4. Your smile and confidence can work wonders!

5. Mock Interviews: Friends can interview each other or try to find online platforms for mock interviews. Many students have a good grasp of technical knowledge, but falter in an interview. Practicing with mock interviews goes a long way. 

6. Communicate effectively: pay attention to details, and ask for more information on the questions wherever required.

Morgan Stanley Selections!

Coming back to Morgan Stanley, the selection process begins with an online test. The test has short answer questions on debugging, some logical reasoning questions, and some classical coding problems. The questions are doable, but time is short, so my tip would be “Move Fast and Break Things”! (sorry Facebook for the rip-off :P). 

For the interview, there were around 18 candidates. The first round was a technical interview where they asked me questions about my CV, some DSA questions, and some real-world problems. The real-world problems are open-ended, and they mainly check our way of thinking. They liked the fact that I had a lot of projects on my resume and also some extracurriculars to deal with stress. The next round was HR, where only four students were shortlisted. Here they checked my personality with a lot of classic HR questions. Their main focus was to gauge the ability to work in a team. They realized my ability to deal with feedback and liked it the most.

Flashback to the Internship mugging

I had participated in Microsoft’s Codess Program during Summers. There were a couple of assignments, one or two online meets, and a visit to Microsoft Office with a personal one-to-one mentor interaction for a few (I happened to be one of them). Doing the assignments with the utmost sincerity profoundly helped me. That was how I began learning DSA from scratch!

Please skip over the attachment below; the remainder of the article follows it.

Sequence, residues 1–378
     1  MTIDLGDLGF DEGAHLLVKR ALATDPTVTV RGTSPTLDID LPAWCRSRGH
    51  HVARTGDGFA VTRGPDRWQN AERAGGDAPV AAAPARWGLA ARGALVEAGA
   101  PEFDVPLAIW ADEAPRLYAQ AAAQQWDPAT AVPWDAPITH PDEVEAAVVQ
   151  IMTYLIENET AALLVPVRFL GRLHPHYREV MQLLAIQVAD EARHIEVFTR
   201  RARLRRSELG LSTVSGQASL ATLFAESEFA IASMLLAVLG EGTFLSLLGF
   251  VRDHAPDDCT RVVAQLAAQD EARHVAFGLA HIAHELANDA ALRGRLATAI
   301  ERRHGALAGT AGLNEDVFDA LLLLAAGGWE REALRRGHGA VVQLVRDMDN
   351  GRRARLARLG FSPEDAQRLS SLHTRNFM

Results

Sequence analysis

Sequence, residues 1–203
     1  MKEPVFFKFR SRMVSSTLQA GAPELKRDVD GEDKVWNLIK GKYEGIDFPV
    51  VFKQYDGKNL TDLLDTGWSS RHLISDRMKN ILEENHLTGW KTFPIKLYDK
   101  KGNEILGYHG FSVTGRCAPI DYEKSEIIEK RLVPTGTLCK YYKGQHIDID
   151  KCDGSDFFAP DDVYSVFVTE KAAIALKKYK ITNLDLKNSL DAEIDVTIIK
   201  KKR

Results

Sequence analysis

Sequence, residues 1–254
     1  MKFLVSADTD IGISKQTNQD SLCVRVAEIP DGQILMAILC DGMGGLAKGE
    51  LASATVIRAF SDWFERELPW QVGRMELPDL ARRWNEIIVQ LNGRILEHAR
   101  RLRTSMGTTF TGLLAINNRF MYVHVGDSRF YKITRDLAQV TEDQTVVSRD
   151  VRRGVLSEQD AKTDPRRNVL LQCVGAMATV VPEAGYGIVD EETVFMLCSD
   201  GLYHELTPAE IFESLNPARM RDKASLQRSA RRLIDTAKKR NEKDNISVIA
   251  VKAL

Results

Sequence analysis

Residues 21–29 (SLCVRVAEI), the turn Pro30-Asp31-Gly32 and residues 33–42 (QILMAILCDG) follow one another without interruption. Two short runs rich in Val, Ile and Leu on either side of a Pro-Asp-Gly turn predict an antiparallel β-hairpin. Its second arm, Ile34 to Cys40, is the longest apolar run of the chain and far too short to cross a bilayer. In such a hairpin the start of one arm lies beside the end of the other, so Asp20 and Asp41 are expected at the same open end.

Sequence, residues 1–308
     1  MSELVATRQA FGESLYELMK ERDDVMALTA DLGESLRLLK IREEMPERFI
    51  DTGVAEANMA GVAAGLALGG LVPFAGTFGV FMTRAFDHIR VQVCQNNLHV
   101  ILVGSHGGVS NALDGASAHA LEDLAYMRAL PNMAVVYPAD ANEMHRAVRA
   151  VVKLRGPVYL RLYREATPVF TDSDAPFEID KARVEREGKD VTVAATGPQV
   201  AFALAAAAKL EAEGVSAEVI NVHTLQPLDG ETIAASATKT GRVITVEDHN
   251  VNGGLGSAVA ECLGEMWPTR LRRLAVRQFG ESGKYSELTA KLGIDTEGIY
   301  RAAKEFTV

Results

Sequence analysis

I continued my self-learning in a detailed systematic manner after the program through a couple of online links and courses. All of these efforts helped me gain the required technical knowledge for this Internship.

Summarizing the topics worth preparing for coding interns:

1. DSA

2.Object-Oriented Programming Concepts

3. Basic coding related puzzles.

4. Classic HR questions

5. Probability and Statistics

6. Revision on Linear Algebra

7. Topics mentioned in the resume

The unforeseen WFH experience

Moving on to the actual work at Morgan Stanley, training sessions were organized in the first half of the Internship. The training covered all domains, including technical, personality, ethics, and even a finance workshop. Extensive technical training with assignments was given, covering varied programming concepts.

In the project part, I had a Java 8 project. For novice readers, Java 8 is like an advanced version of Java that uses a functional style of programming. In simple terms, I had the task to capture the description of an evaluation logic in code, produce documentation with that logic and other details. It was what is termed as a Real-World Project working on their sophisticated source code. Almost every tool I used in my Internship was something I had no prior experience with. The technologies include Java’s frameworks like Spring, Junit, Cucumber, Reflections, Regular Expressions, Streams, Design Patterns, XML parsing functions, Morgan Stanley’s frameworks, even the IDE and the thorough git knowledge. The mentors are understanding, but we do need to demonstrate an ability to handle the steep learning curve.